There’s absolutely a middle ground. I think New Domesticity is a clear cry for reform to our corporate culture — people simply don’t want to give their entire lives to their jobs. But most people DO want jobs — satisfying, flexible jobs. If we changed the corporate culture to allow for more work-life balance, then more men AND women would be able to embrace domesticity without having to give up their ambitions.


Permalink | | Share | Email | Print | Filed under: homemaking, feminism, domesticity, Sisterhood, Jewish Women, Emily Matchar, DIY

The Jewish Daily Forward welcomes reader comments in order to promote thoughtful discussion on issues of importance to the Jewish community. In the interest of maintaining a civil forum, The Jewish Daily Forwardrequires that all commenters be appropriately respectful toward our writers, other commenters and the subjects of the articles. Vigorous debate and reasoned critique are welcome; name-calling and personal invective are not. While we generally do not seek to edit or actively moderate comments, our spam filter prevents most links and certain key words from being posted and The Jewish Daily Forward reserves the right to remove comments for any reason.




Find us on Facebook!
  • The eggplant is beloved in Israel. So why do Americans keep giving it a bad rap? With this new recipe, Vered Guttman sets out to defend the honor of her favorite vegetable.
  • “KlezKamp has always been a crazy quilt of gay and straight, religious and nonreligious, Jewish and gentile.” Why is the klezmer festival shutting down now?
  • “You can plagiarize the Bible, can’t you?” Jill Sobule says when asked how she went about writing the lyrics for a new 'Yentl' adaptation. “A couple of the songs I completely stole." Share this with the theater-lovers in your life!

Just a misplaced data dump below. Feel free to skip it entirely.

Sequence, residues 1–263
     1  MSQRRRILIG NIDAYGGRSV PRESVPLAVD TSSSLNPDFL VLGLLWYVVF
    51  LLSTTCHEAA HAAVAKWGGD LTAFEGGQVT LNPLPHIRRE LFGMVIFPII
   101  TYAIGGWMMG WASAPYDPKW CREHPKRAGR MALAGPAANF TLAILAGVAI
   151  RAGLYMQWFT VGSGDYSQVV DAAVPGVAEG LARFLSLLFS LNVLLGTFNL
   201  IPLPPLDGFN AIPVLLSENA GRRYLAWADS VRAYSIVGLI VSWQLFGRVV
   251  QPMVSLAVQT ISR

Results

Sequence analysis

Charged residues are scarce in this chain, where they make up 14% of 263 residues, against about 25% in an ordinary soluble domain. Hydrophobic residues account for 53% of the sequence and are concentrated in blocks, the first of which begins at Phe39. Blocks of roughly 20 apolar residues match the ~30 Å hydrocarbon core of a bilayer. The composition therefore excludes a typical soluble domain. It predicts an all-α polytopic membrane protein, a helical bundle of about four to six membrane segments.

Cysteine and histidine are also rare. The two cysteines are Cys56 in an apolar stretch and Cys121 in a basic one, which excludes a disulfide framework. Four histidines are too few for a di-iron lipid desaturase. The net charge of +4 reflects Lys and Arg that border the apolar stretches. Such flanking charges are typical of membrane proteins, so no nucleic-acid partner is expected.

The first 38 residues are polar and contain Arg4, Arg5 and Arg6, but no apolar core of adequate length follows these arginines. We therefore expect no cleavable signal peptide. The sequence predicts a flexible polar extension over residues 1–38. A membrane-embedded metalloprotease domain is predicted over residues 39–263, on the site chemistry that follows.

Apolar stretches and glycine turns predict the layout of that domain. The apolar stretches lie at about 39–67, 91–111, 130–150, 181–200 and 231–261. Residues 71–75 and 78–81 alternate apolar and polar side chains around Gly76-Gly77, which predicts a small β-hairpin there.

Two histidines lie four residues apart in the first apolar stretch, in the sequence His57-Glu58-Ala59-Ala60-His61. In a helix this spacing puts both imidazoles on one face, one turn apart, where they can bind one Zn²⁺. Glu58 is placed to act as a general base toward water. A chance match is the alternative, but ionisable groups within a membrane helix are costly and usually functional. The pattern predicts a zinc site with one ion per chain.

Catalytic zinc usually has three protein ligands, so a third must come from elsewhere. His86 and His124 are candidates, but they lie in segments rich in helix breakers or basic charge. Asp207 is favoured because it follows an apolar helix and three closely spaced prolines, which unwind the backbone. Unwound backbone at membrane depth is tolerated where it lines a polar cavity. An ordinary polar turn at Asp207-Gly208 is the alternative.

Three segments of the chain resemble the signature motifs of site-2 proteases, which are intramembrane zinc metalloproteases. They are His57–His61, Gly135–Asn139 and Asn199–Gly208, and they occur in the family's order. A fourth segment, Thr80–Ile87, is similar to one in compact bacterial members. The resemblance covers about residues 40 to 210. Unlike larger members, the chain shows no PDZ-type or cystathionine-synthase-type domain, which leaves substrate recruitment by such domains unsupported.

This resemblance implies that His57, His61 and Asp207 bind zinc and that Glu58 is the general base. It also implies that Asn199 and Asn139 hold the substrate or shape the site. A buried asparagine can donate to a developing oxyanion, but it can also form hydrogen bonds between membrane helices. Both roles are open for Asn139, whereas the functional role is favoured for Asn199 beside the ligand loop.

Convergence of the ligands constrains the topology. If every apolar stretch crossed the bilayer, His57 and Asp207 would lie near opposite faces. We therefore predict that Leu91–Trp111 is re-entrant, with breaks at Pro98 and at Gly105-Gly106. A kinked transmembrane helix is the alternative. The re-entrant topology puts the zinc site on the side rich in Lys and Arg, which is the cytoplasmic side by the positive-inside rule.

• Will Americans who served in the Israeli army during the Gaza operation face war crimes charges when they get back home?
  • Talk about a fashion faux pas. What was Zara thinking with the concentration camp look?
  • “The Black community was resistant to the Jewish community coming into the neighborhood — at first.” Watch this video about how a group of gardeners is rebuilding trust between African-Americans and Jews in Detroit.
  • "I am a Jewish woman married to a non-Jewish man who was raised Catholic, but now considers himself a “common-law Jew.” We are raising our two young children as Jews. My husband's parents are still semi-practicing Catholics. When we go over to either of their homes, they bow their heads, often hold hands, and say grace before meals. This is an especially awkward time for me, as I'm uncomfortable participating in a non-Jewish religious ritual, but don't want his family to think I'm ungrateful. It's becoming especially vexing to me now that my oldest son is 7. What's the best way to handle this situation?" http://jd.fo/b4ucX What would you do?
  • Maybe he was trying to give her a "schtickle of fluoride"...
  • It's all fun, fun, fun, until her dad takes the T-Bird away for Shabbos.
  • "Like many Jewish people around the world, I observed Shabbat this weekend. I didn’t light candles or recite Hebrew prayers; I didn’t eat challah or matzoh ball soup or brisket. I spent my Shabbat marching for justice for Eric Garner of Staten Island, Michael Brown of Ferguson, and all victims of police brutality."
  • Happy #NationalDogDay! To celebrate, here's a little something from our archives:
  • A Jewish couple was attacked on Monday night in New York City's Upper East Side. According to police, the attackers flew Palestinian flags.
  • "If the only thing viewers knew about the Jews was what they saw on The Simpsons they — and we — would be well served." What's your favorite Simpsons' moment?
  • "One uncle of mine said, 'I came to America after World War II and I hitchhiked.' And Robin said, 'I waited until there was a 747 and a kosher meal.'" Watch Billy Crystal's moving tribute to Robin Williams at last night's #Emmys:
  • "Americans are much more focused on the long term and on the end goal which is ending the violence, and peace. It’s a matter of zooming out rather than debating the day to day.”
  • from-cache

Would you like to receive updates about new stories?




















We will not share your e-mail address or other personal information.

Already subscribed? Manage your subscription.